“Soldiers are not supposed to say ‘no’ before the fact if they believe something is wrong,” John Hamre said. “If a soldier questions something, it’s supposed to be questioned after the fact. But then it’s too late.”

The proper procedure when disputing a military order is to go through the chain of command, Kubinski said. If there’s a problem, the soldiers must use a Judge Advocate General (JAG) lawyer or the inspector general, whose job is to see to the health and welfare of the troops.

Mary said Leif went to a JAG lawyer who advised him to take the vaccine or find someone else to represent him. But there isn’t anyone else until he is out of the service, she said.

The Food and Drug Administration issued a final ruling on Dec. 19, 2005, stating the anthrax vaccine is effective in preventing anthrax disease regardless of how soldiers may be exposed to it, Banks said. The licensed vaccine is safe and effective based on sound science by eight separate reviews, he said.

Dr. Meryl Nass, a physician from Maine who has treated service members who have become ill from the anthrax vaccine, disputes these claims.

Nass said there is no published evidence that the vaccine prevents any form of anthrax in humans. The 2002 Institute of Medicine committee did state this, but they had no evidence to prove it, she said. Five years later, there is still no evidence, she said.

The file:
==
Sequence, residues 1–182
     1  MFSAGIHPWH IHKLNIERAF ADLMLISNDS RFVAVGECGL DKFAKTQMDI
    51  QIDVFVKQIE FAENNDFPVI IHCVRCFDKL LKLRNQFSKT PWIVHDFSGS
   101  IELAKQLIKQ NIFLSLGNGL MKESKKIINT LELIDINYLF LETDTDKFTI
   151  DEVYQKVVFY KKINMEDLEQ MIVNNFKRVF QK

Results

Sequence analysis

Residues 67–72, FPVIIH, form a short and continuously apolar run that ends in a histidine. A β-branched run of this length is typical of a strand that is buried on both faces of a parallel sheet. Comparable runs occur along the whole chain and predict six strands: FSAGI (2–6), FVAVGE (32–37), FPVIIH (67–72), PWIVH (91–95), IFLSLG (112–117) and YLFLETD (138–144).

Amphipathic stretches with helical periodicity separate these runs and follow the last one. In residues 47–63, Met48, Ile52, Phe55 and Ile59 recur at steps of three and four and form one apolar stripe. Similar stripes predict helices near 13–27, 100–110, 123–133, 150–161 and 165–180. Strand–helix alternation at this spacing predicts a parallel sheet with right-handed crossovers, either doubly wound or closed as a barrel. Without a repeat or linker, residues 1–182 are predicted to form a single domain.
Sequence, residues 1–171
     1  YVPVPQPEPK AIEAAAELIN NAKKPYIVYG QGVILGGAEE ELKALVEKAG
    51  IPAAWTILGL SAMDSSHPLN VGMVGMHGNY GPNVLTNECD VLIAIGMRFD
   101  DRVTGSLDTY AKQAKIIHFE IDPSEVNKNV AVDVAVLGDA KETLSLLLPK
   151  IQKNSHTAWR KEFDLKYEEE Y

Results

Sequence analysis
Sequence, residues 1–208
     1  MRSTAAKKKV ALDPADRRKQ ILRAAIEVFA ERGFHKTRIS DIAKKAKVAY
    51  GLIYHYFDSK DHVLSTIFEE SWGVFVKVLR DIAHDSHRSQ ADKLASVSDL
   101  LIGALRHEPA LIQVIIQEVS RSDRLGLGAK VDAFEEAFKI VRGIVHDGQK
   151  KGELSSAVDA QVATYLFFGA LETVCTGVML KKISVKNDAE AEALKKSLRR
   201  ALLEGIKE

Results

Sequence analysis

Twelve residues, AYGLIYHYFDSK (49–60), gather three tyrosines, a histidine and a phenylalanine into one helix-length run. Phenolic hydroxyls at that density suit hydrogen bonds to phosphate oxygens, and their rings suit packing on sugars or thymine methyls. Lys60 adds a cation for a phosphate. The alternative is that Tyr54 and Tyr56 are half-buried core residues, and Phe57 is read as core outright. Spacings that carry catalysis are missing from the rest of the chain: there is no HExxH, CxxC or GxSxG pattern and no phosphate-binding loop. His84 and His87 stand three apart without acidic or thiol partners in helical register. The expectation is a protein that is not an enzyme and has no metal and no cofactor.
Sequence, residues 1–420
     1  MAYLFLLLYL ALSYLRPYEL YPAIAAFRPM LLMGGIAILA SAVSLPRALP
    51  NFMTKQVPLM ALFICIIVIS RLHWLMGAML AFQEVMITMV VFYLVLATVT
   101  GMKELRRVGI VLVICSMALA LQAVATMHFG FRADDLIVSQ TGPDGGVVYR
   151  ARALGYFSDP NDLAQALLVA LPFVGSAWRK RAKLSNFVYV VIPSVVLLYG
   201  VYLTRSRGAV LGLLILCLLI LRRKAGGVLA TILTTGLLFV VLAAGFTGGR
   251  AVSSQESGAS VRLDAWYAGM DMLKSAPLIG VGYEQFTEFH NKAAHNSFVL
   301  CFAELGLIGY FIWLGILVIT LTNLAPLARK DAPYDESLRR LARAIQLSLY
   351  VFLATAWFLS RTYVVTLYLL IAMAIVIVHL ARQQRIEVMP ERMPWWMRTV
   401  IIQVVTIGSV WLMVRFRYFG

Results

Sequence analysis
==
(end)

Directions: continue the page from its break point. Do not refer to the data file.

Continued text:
Another point of contention regards the vaccine’s safety compared to other licensed vaccinations.

Banks said the “adverse events after anthrax immunizations are comparable to those observed with other vaccines administered to adults. There is no evidence that life-threatening or permanently disabling immediate onset adverse events occur at higher rates in individuals who have received the anthrax vaccine than in the general public.”

Nass also disputed this claim.

Nass said the anthrax vaccine has not been proven as safe as any other vaccine. The anthrax vaccine has the highest rate of reports of adverse reactions to the Vaccine Adverse Events Reporting System of any licensed vaccine in the United States, she said, citing the Center for Disease Control’s Morbidity and Mortality Weekly report.

Banks said based on 35 years of anthrax vaccine use, it has been documented that severe, but temporary, injection-site reactions can happen. He also said it’s known that 30 to 60 percent of people who receive the vaccine will develop a 1-inch injection-site reaction and about one in 100 people develop a reaction 5 inches or larger. The rate of side effects away from the site is about the same as other vaccines occurring in 5 to 35 percent of people, with effects going away in days, he said. claims that 21 deaths from the vaccine have been reported to the Food and Drug Administration since 2000 through the Vaccine Adverse Event Reporting System (VAERS). The group also claims that 5,120 people have reported adverse reactions to the anthrax vaccine to VAERS.